EVE Evolved: Could achievements save EVE’s new player experience?

    
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EVE Online has always been a very long-term game, with players setting goals that often take months to achieve and forming friendships over the course of years. This poses a real problem for new players, most of whom find the game slow and don’t stick with it long enough to become part of the community. People often hear about some awesome battle or read an interesting article on EVE and finally decide to give it a shot, only to discover that it plays very differently to other MMOs and doesn’t give them any direction. Even players who have been around for years will often admit that it took them two or three trial attempts to finally get into in the game and finding their place in the community. Faced with this problem, CCP has tried to revamp the new player experience several times over the years with limited success.

After the recent announcement that CCP will be letting players buy and sell skillpoints on the open market, I got into a debate with some friends on whether skillpoints represent a real barrier to new players and what CCP could potentially do about it. Practically everything you want to do in the game is locked behind a skillpoint barrier, and that’s assuming you can figure out what you want to do. There are career agents to introduce players to the various parts of the game if you know where to find them, but the majority of the new player experience occurs through an Opportunities system that guides the player through a series of achievement-like popups. I’ve begun to wonder whether these systems could be modified to produce something better: A Life Goals achievement system that rewards players with skillpoints for hitting major milestones.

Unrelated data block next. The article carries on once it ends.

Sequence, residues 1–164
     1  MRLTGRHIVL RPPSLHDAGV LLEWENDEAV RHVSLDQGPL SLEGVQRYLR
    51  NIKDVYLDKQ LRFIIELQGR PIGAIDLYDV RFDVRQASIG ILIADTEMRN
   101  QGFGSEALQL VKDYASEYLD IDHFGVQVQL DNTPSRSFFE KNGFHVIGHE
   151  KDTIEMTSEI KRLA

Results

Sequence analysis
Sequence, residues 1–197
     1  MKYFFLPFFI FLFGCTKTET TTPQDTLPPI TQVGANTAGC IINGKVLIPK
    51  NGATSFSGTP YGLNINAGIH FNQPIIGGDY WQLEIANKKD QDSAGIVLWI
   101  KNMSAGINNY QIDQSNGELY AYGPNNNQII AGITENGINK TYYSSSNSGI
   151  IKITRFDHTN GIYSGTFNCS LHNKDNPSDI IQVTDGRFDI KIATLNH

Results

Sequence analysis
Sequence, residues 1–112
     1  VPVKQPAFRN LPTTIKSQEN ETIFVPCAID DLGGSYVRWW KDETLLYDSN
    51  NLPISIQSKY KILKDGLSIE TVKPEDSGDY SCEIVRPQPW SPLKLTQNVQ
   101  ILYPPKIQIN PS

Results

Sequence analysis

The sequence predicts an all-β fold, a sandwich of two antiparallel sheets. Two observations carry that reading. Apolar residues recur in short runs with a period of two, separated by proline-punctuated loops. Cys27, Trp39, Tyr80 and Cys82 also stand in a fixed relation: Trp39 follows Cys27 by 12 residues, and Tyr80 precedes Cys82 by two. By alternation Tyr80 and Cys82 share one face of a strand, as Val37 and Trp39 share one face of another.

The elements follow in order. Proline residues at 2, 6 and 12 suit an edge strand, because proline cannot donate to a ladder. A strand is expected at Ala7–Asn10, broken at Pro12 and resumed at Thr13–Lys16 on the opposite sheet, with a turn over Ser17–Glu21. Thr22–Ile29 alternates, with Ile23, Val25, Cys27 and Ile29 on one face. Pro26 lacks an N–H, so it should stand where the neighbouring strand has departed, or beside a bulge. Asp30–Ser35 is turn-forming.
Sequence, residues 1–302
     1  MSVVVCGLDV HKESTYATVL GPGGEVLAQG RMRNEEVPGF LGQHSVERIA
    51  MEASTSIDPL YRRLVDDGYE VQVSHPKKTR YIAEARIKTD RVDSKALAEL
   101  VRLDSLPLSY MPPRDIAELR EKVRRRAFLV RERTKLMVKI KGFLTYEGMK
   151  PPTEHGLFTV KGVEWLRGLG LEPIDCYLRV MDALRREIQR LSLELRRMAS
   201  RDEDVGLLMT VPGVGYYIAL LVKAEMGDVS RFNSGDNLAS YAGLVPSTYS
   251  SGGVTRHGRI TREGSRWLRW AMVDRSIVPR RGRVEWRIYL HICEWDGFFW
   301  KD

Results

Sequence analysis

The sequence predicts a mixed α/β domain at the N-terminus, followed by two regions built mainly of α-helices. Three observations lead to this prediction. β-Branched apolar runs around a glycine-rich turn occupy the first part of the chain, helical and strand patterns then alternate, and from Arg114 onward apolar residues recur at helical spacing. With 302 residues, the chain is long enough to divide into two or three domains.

In this edition of EVE Evolved, I pitch an idea for a change to the new player experience that would help players invest in their characters and encourage them to settle in the community long-term.

opportunities-2Personal stories and goals

As I debated the relative merits of the recently announced skillpoint trading system and whether it would actually help new players, Massively OP’s Tina Lauro asked a question that made me think: Why doesn’t EVE have a personal story to guide the player? Tina writes the Guild Wars 2 column here at Massively OP, and pointed out that GW2’s personal story plays an integral part in its new player experience. It’s the mechanism that is used to first introduce the player to the game, and in my experience it provides a long-term goal immediately as the player can only complete a new chapter in the story every 10 levels.

While a personal story wouldn’t work in a sandbox game like EVE directly, Guild Wars 2’s story and achievement systems form a two-pronged approach to hooking players and making them stick. They set natural goals for the player and make players feel accomplished and invested in their characters, all things that help with the new player experience and that EVE could do a hell of a lot better. Obviously EVE doesn’t have levels or an instanced PvE storyline, but it should be possible to create personal goal and achievement systems that fit the open-world sandbox gameplay and narrative without stepping on the existing game.

The ideal system would give the minimum direction necessary, simply illuminating the options available to players and rewarding them for pursuing particular paths. The Opportunities system does part of this by popping up on the screen whenever something new presents itself and letting players know what options they have in that situation, but it only really helps for minute-to-minute gameplay such as destroying a ship or setting an autopilot course. There are some Opportunities for things like joining a player corporation, but without rewards these are little more than achievement notifications. What we really need is a system that shows the player his various gameplay options on the grander career-level scale and that actually rewards him for committing to playing in the way he wants.

expansions-1How could the personal story begin?